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    In every family, someone ends up with “the stuff.” It is the goal of The Family Curator to inspire, enlighten, and encourage other family curators in their efforts to preserve and share their own family treasures.

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    Treasure Chest Thursday: Writing the History of Your Heirloom

    Do You Know Where Your Stuff Has Been? 

    Sometimes I find an interesting old photo album or a piece of beautiful engraved silver at an estate sale, and I have to wonder, Where did this come from? 

    It's a sad fact that so many family heirlooms end up in the hands of antique dealers and collectors instead in the homes of family members. Fortunately for me, I seem to come from a line of women who took a few extra steps to keep their treasures from becoming lost from the family.

    I'm still finding notes that my mom (and my mother-in-law, too) tucked inside jewelry boxes, vases, and books. Sometimes the notes tell a story of how the item was acquired, and sometimes the story is more about the item itself.

    Moms treasures 21

    One of my favorite heirloom histories is actually pretty short,

    "Nothing special about this but it is nice -- for candy, olives, pickles & etc."

    When you stop and think about it, that note is actually liberating for someone who might feel overwhelmed by inherited treasures and reluctant to part with anything that just might turn out to have some great sentimental value. No one wants to hear their aunt say, "Why in the world would you get rid of that wonderful so and so? It was a gift from Mr. Whozit and it's been halfway around the world and back."

    Mom's notes clued us in to wedding gifts, special memories, and a few items she wanted given to special people.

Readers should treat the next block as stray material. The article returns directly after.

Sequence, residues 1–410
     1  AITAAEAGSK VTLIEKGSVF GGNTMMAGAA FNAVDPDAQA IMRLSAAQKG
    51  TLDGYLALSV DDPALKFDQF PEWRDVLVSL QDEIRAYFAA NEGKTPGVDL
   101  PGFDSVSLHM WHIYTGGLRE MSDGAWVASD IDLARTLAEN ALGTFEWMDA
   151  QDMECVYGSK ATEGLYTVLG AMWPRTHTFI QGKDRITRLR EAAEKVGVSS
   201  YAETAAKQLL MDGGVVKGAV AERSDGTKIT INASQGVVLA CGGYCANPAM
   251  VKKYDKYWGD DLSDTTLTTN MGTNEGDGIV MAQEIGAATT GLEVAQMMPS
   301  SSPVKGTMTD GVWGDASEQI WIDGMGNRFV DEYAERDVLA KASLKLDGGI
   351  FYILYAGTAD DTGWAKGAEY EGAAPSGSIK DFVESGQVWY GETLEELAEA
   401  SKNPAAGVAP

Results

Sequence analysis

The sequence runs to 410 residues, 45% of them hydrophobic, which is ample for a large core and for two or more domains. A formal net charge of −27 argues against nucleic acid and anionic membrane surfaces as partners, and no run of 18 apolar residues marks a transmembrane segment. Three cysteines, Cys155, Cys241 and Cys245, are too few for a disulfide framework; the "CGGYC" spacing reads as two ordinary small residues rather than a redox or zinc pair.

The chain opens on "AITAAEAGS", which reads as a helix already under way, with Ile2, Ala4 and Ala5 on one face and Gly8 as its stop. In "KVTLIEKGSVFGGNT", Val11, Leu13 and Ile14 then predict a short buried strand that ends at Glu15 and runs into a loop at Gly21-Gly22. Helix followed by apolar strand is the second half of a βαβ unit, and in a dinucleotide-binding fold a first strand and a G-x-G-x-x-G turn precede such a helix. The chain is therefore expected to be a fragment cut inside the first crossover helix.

Of course, all these little bits of paper can become separated from the item and eventually lost. And there will be a time when someone wonders Who wrote the notes? and What family wedding?

    Moms treasures 17

    If you are the keeper of the stuff in your family, it can be a good idea to use some kind of template or form to help you keep record the history of your keepsakes. It's easy to forget to include a physical description or measurements when you are busy telling stories about an item, but this information can be vital if the item is lost or stolen. Using a template also allows you to take your time and involve other family members, as well as collect photos to illustrate your heirloom history.

    My form is short and simple, but it reminds me to include all the important facts. I've included a link for you to download a copy at the end of this article.

    Some items in your family archive may be special keepsakes; these are great candidates for online registration with The Heirloom Registry. The unique serial number can be attached directly to your heirloom and your notes added by cut-and-paste to the Heirloom Registry online form.

    Any family member can write an heirloom history; it's a great project for a family gathering or  something special to do with school-age children. And, a handwritten history is even more special when the careful script is made by someone you love. Scan the handwritten sheets and save a digital image to attach online; keep the originals in your own heirloom notebook. This notebook (or file folder) is also a good place to preserve the special notes you may find tucked inside various items. 

    Mom was right. The crystal bowl might not have been a wedding gift, but it is pretty nice and I use it often "for candy, olives, pickles, & etc."

    Link to download my Heirloom History form in editable text format -- 

    The Family Curator's Heirloom History Form

    PrintView Printer Friendly Version

    Reader Comments (1)

    Great tips for keeping track of family heirlooms! I really like your history form, too; simple, yet complete!

    October 25, 2012 | Unregistered CommenterYvonne

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